A new Department of Labor (DOL) final rule has eliminated some exceptions to the fluctuating workweek pay method. That gives your company some new flexibility and potentially some new savings.
In the past, that overtime compensation option wasn’t available for salaried non-exempt employees who earned bonuses and other types of incentive-based pay.
No more, thanks to the DOL’s latest update.
And experts say the change couldn’t come at a better time. The coronavirus pandemic has thrown companies and work schedules into chaos.
This new rule will allow employers to incorporate more flexible work schedules as many states and businesses start to re-open.
Here’s a breakdown of the new rule to ensure you benefit while keeping payroll in compliance.
These payments now OK with the fluctuating workweek method
The new rule gives your organization the green light to pay salaried non-exempt employees whose hours vary from week to week, even if they receive some sort of supplemental compensation, which can include, according to the DOL:
- premium payments
- commission pay, and
- hazard pay, which is something many of your peers may be offering for the very first time.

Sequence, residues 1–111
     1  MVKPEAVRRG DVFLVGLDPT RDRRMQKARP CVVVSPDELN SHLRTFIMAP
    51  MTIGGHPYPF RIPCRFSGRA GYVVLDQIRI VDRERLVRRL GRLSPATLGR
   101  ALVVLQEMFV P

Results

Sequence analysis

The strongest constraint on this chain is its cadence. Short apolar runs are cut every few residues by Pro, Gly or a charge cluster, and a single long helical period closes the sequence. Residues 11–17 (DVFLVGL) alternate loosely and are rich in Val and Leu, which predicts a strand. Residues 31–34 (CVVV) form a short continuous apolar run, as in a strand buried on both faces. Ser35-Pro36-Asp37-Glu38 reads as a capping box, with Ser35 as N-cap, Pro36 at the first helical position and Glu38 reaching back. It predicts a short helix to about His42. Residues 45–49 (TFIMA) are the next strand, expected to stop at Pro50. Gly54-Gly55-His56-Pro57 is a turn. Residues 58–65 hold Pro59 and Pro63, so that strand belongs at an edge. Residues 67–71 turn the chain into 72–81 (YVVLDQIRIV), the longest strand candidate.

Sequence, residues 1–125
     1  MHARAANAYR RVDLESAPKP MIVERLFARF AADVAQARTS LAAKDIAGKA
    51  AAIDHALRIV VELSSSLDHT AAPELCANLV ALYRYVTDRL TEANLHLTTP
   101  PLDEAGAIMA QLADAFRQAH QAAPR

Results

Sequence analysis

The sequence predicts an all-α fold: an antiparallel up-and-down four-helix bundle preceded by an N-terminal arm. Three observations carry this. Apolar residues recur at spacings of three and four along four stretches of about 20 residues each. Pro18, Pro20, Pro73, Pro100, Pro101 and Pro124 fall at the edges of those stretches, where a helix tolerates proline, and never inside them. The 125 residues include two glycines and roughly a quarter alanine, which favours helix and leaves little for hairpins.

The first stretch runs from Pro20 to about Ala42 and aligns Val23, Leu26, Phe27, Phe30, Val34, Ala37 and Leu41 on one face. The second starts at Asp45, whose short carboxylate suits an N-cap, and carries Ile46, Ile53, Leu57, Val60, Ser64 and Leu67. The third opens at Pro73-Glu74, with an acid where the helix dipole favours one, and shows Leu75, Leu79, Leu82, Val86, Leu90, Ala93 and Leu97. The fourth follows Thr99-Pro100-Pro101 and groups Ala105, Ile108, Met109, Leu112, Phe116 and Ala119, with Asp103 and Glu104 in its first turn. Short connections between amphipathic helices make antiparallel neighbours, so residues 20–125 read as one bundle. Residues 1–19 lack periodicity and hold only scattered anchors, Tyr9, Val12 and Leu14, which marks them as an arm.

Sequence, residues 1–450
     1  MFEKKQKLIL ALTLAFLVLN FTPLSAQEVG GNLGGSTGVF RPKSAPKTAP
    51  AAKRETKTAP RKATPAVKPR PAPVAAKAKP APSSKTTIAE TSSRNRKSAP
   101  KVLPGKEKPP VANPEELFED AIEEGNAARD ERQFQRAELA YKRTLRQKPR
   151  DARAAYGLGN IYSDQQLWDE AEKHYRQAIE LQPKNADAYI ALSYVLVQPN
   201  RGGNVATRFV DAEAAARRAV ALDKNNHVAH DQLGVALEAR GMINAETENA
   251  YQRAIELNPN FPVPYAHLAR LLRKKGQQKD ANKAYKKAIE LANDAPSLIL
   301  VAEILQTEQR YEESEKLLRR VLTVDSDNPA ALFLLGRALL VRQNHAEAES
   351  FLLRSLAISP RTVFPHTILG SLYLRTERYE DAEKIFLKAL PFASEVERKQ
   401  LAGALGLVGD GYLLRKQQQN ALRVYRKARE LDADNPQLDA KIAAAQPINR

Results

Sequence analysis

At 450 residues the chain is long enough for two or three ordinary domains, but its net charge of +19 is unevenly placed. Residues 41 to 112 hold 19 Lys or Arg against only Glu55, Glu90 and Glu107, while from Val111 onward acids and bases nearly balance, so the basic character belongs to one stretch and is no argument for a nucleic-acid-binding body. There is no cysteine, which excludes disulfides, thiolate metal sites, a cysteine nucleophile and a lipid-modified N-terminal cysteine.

Now even if those payments are included, your company can pay them at 0.5 times the regular rate of pay for any overtime hours worked. After all, the hours have already been compensated at the straight time regular rate as part of the salary.
Of course opening this method up to these employees will likely bring down your company’s OT bill, since you won’t be paying time and a half.
Threats to your use of the fluctuating work week
Of course, there are some things to consider to keep your company in compliance with the final rules.
Remember, the salary must be high enough to ensure no one ever makes less than the federal minimum wage per hour.
But even if you stay in line with what the feds lay out, your state may pose an obstacle that keeps you from taking advantage of this new flexibility … or this method at all!
Pennsylvania and Alaska, for example, prohibit a fluctuating workweek pay arrangement.
Courts in New Jersey and New Mexico have ruled the use of the fluctuating workweek method is inconsistent and incompatible with their existing state laws.
California Labor Code limits the use of a fluctuating workweek and has different requirements for OT pay.
Other states restrict the types of employees allowed to work fluctuating workweeks. In Rhode Island, it’s a no-go for sales merchandisers or delivery workers; in Connecticut, you can’t use the method for retail employers.